The U.S. Centers for Disease Control and Prevention took action in 2012, setting a new and lowered public health standard for the allowance of childhood exposure to lead. They made the claim that while there is no acceptable level of lead in a child’s bloodstream, action must be taken once a child under 6 years old reaches a blood lead level of 5 micro-grams per deciliter. While the CDC’s action level is much lower than HUD or any other agency, they are now in the works to reduce the threshold even more, bringing it from 5 micro-grams per deciliter to 3.5.
Although lowering the blood lead threshold from 5 to 3.5 sounds to be ideal in protecting all children, it has proven to be a controversial topic as many believe it will take the focus and resources away from children that are severely poisoned and in need of assistance. The CDC has estimated that as many as 500,000 U.S. children have lead levels at or above the current threshold of 5 micro-grams per deciliter. The CDC urges case management to occur for poisoned children with lead levels at or above the threshold, but it is often the responsibility of the state or local health department to take action. Lead remediation is under-funded and not prioritized, particularly in urban areas that require the most attention. This results in families unable to protect their children from the hazards that exist when living in a home containing lead paint.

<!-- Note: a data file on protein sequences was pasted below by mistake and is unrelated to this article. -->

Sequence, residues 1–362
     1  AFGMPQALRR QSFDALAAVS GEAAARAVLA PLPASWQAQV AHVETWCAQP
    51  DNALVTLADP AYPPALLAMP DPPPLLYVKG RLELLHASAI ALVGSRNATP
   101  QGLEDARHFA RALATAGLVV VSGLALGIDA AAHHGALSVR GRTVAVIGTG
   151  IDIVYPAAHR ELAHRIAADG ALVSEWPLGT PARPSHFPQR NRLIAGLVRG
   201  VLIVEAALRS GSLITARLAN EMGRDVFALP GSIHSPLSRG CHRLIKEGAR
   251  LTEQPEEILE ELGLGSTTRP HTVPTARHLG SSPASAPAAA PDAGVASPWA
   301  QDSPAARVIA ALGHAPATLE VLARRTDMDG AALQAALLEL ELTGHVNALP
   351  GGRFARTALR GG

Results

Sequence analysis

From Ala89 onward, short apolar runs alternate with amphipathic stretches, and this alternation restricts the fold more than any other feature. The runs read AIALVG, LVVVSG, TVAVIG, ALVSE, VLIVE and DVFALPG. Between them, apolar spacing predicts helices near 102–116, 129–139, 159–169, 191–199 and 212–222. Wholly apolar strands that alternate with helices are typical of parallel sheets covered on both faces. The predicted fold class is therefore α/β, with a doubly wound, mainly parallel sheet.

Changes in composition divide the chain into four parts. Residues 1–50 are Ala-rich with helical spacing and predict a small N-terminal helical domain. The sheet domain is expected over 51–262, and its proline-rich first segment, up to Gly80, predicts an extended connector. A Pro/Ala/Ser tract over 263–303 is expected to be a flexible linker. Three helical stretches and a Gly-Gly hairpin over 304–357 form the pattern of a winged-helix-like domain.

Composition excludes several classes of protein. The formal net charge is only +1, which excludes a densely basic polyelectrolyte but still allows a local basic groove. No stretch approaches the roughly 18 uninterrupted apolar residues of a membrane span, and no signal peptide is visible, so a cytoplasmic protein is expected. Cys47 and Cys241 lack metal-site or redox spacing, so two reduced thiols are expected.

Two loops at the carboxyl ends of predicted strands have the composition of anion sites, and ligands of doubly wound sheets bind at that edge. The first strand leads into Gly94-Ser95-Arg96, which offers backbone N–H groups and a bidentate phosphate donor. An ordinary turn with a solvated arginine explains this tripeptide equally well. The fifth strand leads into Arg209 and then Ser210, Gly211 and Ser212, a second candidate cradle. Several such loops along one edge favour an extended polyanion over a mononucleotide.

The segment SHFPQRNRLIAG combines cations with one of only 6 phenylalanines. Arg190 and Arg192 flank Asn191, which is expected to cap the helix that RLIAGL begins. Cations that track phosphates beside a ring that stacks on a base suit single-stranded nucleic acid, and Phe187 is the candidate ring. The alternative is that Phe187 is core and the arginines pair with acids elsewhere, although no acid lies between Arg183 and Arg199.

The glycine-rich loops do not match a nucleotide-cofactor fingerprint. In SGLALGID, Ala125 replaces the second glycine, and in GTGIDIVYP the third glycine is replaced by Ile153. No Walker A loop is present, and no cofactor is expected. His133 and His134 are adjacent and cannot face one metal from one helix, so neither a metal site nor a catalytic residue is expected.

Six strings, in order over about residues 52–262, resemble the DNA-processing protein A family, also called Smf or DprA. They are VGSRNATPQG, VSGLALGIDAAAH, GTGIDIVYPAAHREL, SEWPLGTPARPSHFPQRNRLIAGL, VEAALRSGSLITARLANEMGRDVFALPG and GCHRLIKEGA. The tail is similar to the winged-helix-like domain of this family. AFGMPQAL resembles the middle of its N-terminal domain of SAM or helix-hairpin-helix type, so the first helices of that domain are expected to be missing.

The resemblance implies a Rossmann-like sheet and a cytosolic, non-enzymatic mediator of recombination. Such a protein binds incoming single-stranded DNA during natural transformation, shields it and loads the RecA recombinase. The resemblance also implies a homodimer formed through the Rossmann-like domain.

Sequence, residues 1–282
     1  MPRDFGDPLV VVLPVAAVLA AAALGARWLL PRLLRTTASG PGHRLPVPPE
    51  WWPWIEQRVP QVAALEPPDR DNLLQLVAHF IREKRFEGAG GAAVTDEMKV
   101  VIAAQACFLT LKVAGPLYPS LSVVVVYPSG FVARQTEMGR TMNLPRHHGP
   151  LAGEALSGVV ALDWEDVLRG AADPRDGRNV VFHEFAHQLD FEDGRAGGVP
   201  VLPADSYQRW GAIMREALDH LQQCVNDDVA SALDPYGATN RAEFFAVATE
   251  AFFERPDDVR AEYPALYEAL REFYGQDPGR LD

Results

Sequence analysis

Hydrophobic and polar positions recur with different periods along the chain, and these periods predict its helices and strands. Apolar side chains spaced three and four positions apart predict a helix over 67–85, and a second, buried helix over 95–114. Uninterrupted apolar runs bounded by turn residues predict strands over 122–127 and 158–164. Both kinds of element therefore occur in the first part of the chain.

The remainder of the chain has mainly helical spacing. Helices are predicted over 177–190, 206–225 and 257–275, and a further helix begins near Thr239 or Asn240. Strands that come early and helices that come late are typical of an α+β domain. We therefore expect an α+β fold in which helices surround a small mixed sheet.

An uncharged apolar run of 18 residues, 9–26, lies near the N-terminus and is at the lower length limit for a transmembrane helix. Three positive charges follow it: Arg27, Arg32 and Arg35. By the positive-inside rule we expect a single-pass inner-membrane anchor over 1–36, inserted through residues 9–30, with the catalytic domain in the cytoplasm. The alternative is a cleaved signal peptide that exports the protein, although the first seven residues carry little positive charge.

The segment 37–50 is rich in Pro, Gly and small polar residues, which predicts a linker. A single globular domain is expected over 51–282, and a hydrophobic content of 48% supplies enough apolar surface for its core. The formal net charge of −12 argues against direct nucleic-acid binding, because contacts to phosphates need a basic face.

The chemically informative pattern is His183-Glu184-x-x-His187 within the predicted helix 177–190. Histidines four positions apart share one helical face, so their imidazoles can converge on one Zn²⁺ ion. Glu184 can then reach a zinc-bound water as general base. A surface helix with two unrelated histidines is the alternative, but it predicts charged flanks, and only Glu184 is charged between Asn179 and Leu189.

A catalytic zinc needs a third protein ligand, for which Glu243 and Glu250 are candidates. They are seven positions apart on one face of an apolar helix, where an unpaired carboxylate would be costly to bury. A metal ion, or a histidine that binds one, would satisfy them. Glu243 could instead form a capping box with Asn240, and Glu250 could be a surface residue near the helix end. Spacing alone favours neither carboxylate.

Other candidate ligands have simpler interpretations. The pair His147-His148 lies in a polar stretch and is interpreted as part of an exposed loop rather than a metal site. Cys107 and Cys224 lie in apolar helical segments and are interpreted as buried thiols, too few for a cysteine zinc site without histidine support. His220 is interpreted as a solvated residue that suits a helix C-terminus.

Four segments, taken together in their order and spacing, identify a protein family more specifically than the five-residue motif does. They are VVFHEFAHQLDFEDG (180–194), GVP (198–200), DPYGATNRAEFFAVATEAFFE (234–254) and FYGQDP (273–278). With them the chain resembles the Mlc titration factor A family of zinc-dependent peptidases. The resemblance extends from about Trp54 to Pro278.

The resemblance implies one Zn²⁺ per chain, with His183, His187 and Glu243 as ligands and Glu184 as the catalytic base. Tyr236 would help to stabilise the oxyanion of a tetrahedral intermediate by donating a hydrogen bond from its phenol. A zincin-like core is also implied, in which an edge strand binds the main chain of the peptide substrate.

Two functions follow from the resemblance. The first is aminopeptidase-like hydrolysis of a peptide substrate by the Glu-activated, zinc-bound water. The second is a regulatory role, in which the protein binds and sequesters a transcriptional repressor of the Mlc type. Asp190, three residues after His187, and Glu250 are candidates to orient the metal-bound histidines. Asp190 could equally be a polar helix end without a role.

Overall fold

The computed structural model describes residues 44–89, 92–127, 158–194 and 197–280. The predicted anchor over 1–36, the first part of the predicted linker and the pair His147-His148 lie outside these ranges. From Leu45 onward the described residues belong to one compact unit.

Read the full article on the CDC’s consideration of lowering the threshold for lead exposure here.